It's the dream of the teacher who works at Dunkin Donuts after school just to make ends meet. She needs better pay, and more support, and the freedom to do more than just teach to the test. And if her students want to go on to college, they shouldn't fear decades of debt. That's why I'll make college affordable with an annual $4,000 tax credit if you're willing to do community service, or national service. We will invest in you, but we'll ask you to invest in your country.
That is our calling in this campaign. To reaffirm that fundamental belief – I am my brother's keeper, I am my sister's keeper – that makes us one people, and one nation. It's time to stand up and reach for what's possible, because together, people who love their country can change it.
Now when I start talking like this, some folks tell me that I've got my head in the clouds. That I need a reality check. That we're still offering false hope. But my own story tells me that in the United States of America, there has never been anything false about hope.
I should not be here today. I was not born into money or status. I was born to a teenage mom in Hawaii, and my dad left us when I was two. But my family gave me love, they gave me education, and most of all they gave me hope – hope that in America, no dream is beyond our grasp if we reach for it, and fight for it, and work for it.
Because hope is not blind optimism. I know how hard it will be to make these changes. I know this because I fought on the streets of Chicago as a community organizer to bring jobs to the jobless in the shadow of a shuttered steel plant. I've fought in the courts as a civil rights lawyer to make sure people weren't denied their rights because of what they looked like or where they came from. I've fought in the legislature to take power away from lobbyists. I've won some of those fights, but I've lost some of them too. I've seen good legislation die because good intentions weren't backed by a mandate for change.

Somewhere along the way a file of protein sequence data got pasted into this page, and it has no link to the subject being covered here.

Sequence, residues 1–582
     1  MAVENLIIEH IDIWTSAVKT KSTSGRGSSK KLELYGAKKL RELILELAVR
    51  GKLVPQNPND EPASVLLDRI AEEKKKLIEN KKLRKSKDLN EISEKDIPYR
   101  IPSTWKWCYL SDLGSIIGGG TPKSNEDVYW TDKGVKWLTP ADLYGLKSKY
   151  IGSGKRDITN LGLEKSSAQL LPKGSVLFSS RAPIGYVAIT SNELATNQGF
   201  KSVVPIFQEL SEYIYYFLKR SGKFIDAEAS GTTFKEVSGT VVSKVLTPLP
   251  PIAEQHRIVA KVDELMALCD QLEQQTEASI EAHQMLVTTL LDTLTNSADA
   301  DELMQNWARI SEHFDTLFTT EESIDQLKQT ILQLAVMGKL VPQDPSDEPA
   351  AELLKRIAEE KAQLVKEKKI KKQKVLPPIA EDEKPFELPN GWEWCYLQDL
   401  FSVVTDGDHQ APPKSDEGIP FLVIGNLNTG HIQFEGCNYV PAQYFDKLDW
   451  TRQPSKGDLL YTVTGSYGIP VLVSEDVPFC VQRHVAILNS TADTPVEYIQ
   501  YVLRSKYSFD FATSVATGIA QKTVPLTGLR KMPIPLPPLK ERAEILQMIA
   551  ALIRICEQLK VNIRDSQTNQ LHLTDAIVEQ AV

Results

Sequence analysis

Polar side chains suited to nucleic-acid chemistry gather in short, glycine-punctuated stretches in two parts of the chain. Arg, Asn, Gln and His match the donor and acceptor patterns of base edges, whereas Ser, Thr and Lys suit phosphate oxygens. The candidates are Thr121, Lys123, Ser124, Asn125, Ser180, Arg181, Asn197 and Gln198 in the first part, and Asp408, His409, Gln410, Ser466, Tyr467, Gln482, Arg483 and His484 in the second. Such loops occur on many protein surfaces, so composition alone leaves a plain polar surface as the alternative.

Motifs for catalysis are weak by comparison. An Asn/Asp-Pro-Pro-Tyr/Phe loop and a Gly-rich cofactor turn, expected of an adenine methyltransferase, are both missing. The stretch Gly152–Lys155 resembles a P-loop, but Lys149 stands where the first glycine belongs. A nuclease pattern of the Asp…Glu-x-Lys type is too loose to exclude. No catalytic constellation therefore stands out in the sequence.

The politics of hope does not mean hoping things come easy. Because nothing worthwhile in this country has ever happened unless somebody, somewhere stood up when it was hard; stood up when they were told – no you can't, and said yes we can.
And where better to affirm our ideals than here in Wisconsin, where a century ago the progressive movement was born. It was rooted in the principle that the voices of the people can speak louder than special interests; that citizens can be connected to their government and to one another; and that all of us share a common destiny, an American Dream.
Yes we can reclaim that dream.
Yes we can heal this nation.
The voices of the American people have carried us a great distance on this improbable journey, but we have much further to go. Now we carry our message to farms and factories across this state, and to the cities and small towns of Ohio, to the open plains deep in the heart of Texas, and all the way to Democratic National Convention in Denver; it's the same message we had when we were up, and when were down; that out of many, we are one; that our destiny will not be written for us, but by us; and that we can cast off our doubts and fears and cynicism because our dream will not be deferred; our future will not be denied; and our time for change has come.